Calls for AfD lawmaker accused of Russia ties to resign
German lawmakers have condemned Markus Frohnmaier amid reports that he was under the influence of the Kremlin. However, the scandal may not be enough to stop the nationalist party from making gains in state elections.
Chancellor Angela Merkel’s conservative Christian Democrats (CDU) called for the resignation of far-right Alternative for Germany (AfD) lawmaker Markus Frohnmaier on Monday following media reports that the Russian government exerts influence over his political actions.
“Whoever makes himself so dependent on other powers cannot independently act in the interests of the German people in parliament,” CDU General Secretary Paul Ziemiak said on Monday, following a meeting of his party’s executive committee in Berlin. “Does one want such a person within his own ranks?”
This is just the latest in a string of scandals dogging the AfD. However, even the Frohnmaier controversy may not be enough to stop the party’s rise in eastern Germany, where the AfD stands poised to form its first state government after three pivotal elections this autumn, analysts told DW.
On Friday, German magazine Der Spiegel, together with German broadcaster ZDF, Italian newspaper La Repubblica and British broadcaster BBC, reported that high-ranking aides in Russian President Vladimir Putin’s administration called on the Kremlin to support Frohnmaier in April 2017, just months before Germany’s federal elections.
Russia would have “its own absolutely controlled MP in the Bundestag,” one document detailed. Another said financial assistance to Frohnmaier’s campaign would mean a push for “good relations with the Russian Federation: sanctions, EU interference in Russian domestic politics.”
The 28-year-old politician has been one of the far-right party’s rising stars since its founding in 2013. Before representing the AfD in parliament, Frohnmaier was press speaker for current party leader Alice Weidel, as well as former party leader Frauke Petry. Until February 2018, he was federal chairman of the AfD-affiliated organization “Junge Alternative” (Young Alternative), which German intelligence authorities suspect of extremist activities.
Frohnmaier vehemently denies the accusations against him. “I came here to represent German interests and that’s what I’m doing,” he told ZDF. “Anyone who looks at my proposals and initiatives can back that up.”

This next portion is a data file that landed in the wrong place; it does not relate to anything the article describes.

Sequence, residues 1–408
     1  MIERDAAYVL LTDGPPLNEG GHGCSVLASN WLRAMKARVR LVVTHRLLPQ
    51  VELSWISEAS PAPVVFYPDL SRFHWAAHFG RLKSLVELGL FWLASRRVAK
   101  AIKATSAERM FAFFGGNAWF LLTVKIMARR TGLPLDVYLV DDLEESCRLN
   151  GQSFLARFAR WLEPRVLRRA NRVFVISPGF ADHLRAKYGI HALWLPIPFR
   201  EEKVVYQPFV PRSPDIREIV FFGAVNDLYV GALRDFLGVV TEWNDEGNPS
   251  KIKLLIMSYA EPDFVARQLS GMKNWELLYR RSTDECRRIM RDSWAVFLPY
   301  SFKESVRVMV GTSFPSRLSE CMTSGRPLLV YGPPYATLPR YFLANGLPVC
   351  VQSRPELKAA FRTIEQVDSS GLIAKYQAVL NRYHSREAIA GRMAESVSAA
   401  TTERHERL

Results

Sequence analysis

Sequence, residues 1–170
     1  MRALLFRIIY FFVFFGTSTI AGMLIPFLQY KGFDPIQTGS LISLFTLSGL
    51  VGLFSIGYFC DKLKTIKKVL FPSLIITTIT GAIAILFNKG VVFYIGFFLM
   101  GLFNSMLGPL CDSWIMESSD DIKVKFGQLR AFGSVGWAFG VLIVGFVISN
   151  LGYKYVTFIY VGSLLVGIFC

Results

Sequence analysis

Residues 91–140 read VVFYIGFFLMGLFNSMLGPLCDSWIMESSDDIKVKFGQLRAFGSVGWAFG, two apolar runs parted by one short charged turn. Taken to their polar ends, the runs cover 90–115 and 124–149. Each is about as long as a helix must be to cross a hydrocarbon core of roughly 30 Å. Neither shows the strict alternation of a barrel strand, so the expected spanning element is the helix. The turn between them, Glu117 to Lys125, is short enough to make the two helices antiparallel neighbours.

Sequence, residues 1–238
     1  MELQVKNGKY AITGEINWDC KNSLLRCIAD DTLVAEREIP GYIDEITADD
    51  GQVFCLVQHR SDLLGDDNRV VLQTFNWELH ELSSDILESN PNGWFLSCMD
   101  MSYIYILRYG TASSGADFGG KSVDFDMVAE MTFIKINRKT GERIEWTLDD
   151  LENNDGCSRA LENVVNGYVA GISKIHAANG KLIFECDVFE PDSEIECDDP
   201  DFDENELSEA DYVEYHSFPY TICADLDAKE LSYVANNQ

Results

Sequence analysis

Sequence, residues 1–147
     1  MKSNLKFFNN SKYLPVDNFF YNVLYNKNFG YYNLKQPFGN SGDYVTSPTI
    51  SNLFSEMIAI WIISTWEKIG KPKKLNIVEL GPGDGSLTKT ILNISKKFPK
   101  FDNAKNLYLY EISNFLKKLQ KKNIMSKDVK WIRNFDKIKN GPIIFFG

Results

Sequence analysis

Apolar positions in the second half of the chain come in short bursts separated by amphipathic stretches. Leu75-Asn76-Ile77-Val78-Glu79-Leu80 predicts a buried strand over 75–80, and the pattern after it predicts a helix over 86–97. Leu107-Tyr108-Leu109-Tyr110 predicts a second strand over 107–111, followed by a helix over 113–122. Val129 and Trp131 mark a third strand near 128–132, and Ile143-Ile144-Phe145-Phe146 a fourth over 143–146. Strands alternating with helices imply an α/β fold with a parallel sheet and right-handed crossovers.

However, in 2015, he reportedly traveled to Saint Petersburg to meet with controversial Russian political analyst Aleksandr Dugin, who advocates for modern forms of fascism and retains close ties to President Putin. Frohnmaier also took a trip to the annexed Crimean peninsula in April 2016 that was paid for by a Russian foundation.
‘Lay all the facts on the table’
The accusations against Frohnmaier drew quick reactions from across the German political spectrum.
Merkel spokesman Stefan Siebert told DW on Monday that the government was aware of the accusations against Frohnmaier, but that an investigation into the legitimacy of claims that the Kremlin bolstered his 2017 election bid is ultimately a task for the Bundestag.
“The Bundestag has clear rules in such cases where there are assumptions, suspicions or accusations [of foreign interference],” he said.
Thomas Oppermann, the center-left Social Democratic lawmaker and vice president of the Bundestag, told Germany’s Bild am Sonntag that the Parliamentary Advisory Committee would clear up whether Frohnmaier is acting as a “gateway” for foreign actors to influence the body’s duties.
The AfD is now “massively obligated to lay all the facts on the table,” said the Green Party’s Britta Hasselmann. Meanwhile, AfD party leader Jörg Meuthen dismissed the allegations as “nonsense, a huge humbug.”
The AfD is no stranger to controversy, and the latest accusations against Frohnmaier — together with the AfD’s relationship to other far-right, populist parties in Europe with close ties to Russia — are fairly damning, Florian Hartleb, a political analyst specializing in right-wing political movements in Europe, told DW.
Even so, it’s hard to predict just how such a development will affect the AfD. The party is still polling at or around 20 percent in the three eastern German states set to elect new governments this autumn — despite being mired in campaign finance scandals and investigations into the party’s suspected extremist ties over the past months. Citizens in the formerly communist East German states still hold an affinity for Russia almost 30 years after German reunification.
At the same time, other German politicians accused of questionable ties to foreign governments have evaded stark recourse. In 2015, CDU parliamentarian Karin Strenz reportedly accepted at least €15,000 ($16,895) from an Azeri lobby. She then went on to vote against a European Council resolution demanding the release of political prisoners in Azerbaijan, drawing corruption allegations.
Strenz still retains her seat in the Bundestag, though she was forced earlier this year to pay a €20,000 fine — not for corrupt behavior, but rather for having reported extra income later than the Bundestag’s rules allow.
“It’s problematic to think that there are representatives in the Bundestag who represent foreign interests,” Hartleb said of Frohnmaier and others. “The government should definitely take such actions seriously … but it’s difficult to say if voters will.”